It's dark, but my Garmin tells me it's nearly time to descend Yad Moss

And after the climb, a sharp descent to Alston (England's highest town). I went for maximum speed, hoping no sheep would suddenly appear in the road to test my brakes!

Alston provided a rest-stop – not a full control but with food and sleeping facilities. I called in and was very warmly greeted. The kitchen was offering a number of snacks, including peanut butter on toast. The idea of this really appealed and so I had two rounds and a steaming mug of tea. Life was good.

Out then into the night where I was accosted by a Thai rider who had lost his companions and so his means of navigation. (It amazes me how many riders on LEL had absolutely no means of navigational aid, either electronic or paper.) Could I guide him the 30 km to Brampton? I happily agreed and we sped off into the black rainy night.

The route was twisty, fast and fun and my “good deed” in guiding my new companion was repaid when he noticed my satellite tracker had fallen of, and rode back to retrieve it from the road. Grateful, I upgraded my makeshift means of attachment with safety pins into a more secure cable-tie arrangement.

Soon we caught up with the main group of Thai riders and my wheelmate rejoined them, waving me on. I sped ahead – feeling strong still – and teamed up with a German rider for the final few kms to Brampton.

Brampton was ram-packed with riders strewn all over the floors: I was glad I had, by chance, avoided it as a sleep stop. It was well before dawn when the exit crush would begin, so I took breakfast in the quiet canteen and prepared to set off again. As I made my way out of the building I bumped into Nick and Nigel, who had both slept here. I said I’d see them on the road, filled my bidons with (foul tasting) water from the Brampton hose, and set off, destination Scotland.

Reunited in Brampton

Brampton – Moffat (75 km)

It was still dark as I set off and it was drizzling. Still, I felt content and snug in my (marvellous) Rapha Brevet Insulated Jacket. This is a flat transitional stage and I made good progress, soon arriving at the Scottish border as dawn broke.

I pressed on through a number of unprepossessing concrete-y roadside strip towns the Scots seem to favour. At one point a sleek red deer sprang out in front of me. It was another country.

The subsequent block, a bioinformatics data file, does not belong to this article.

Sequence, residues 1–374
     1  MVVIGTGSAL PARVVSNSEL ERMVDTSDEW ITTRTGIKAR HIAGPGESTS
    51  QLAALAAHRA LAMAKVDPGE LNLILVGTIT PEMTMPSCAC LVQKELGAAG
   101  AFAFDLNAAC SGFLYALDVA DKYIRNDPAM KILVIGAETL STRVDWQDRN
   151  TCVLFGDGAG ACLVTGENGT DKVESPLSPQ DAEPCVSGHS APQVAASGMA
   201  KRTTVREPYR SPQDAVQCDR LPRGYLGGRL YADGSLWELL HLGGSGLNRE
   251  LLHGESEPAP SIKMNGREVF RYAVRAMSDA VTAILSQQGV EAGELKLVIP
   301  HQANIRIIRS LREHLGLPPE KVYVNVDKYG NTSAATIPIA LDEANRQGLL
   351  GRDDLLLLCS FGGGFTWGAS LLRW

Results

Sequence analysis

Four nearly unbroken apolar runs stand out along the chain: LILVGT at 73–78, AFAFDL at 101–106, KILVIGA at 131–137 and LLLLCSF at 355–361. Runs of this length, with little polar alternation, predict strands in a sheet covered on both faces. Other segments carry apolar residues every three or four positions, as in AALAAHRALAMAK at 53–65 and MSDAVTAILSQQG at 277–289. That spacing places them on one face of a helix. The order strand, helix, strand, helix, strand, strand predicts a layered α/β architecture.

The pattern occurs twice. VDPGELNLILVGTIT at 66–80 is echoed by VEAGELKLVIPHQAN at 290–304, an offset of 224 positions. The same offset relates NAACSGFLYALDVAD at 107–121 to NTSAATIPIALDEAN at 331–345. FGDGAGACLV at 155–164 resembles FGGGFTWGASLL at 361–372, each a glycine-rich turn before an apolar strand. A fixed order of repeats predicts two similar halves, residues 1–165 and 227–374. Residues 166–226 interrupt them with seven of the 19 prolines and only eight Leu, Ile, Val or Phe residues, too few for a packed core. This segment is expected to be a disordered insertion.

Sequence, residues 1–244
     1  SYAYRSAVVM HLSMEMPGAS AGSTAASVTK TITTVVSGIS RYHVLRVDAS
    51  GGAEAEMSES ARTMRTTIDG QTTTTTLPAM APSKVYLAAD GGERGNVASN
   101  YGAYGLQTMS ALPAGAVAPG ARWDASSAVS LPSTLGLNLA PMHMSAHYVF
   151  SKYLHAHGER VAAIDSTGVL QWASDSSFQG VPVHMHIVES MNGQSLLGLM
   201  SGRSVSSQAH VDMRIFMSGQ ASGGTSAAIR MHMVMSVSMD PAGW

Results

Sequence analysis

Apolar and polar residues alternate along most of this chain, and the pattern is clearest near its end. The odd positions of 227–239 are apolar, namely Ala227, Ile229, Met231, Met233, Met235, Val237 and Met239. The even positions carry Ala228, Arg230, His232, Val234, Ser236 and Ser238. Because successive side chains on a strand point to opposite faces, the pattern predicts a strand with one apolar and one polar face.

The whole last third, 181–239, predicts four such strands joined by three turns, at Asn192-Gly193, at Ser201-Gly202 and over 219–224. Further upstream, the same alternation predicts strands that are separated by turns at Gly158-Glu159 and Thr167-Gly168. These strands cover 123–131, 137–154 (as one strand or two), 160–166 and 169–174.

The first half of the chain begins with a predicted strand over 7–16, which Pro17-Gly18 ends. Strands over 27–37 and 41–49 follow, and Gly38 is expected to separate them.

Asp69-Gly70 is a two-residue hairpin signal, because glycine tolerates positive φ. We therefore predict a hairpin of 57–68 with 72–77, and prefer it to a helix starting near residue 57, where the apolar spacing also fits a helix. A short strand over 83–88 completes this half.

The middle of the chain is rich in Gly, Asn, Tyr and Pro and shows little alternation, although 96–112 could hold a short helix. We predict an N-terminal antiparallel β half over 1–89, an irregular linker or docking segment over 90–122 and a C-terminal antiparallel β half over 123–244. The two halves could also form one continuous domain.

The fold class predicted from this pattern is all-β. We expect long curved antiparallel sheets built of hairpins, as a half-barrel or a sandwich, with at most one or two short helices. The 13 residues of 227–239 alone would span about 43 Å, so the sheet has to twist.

Border raid

Nick had warned me before the ride about indigestion, handing me a strip of Rennies. I had doubted I’d need this with my iron stomach but now was experiencing a few sicky burps so sucked a Rennie with thanks. I’d need to watch my eating.

Before long a heard a bicycle bell pinging behind me – it was Nick! He was pedalling strongly and after a brief chat he powered ahead while I continued at a more sedate pace.

As we approached Moffat the landscape became more hilly and interesting and the grey sky began to break up suggesting a nice day was ahead. I was starting to feel tired again and reckoned – in line with my new dynamic tactics – I was in need of a nap.

At Moffat Nick, Nigel and I again coincided. I checked the online tracking to see how John S was progressing, only to see he’d abandoned. This was saddening: I’d been following his progress up the course and was fully expecting to be overtaken by him at some point. I wondered if he’d been through the same sort of crisis I had after Thirsk.

I also checked the weather forecast and saw south-westerly 70 km/h winds forecast in East Anglia for Thursday. I held the phone up to show Nick and Nigel and we exchanged knowing glances. As flatlanders we all understood what this meant …

Nick and Nigel set off for Edinburgh and I made for the dormitories for a one hour nap, which I found invigorating for the next leg …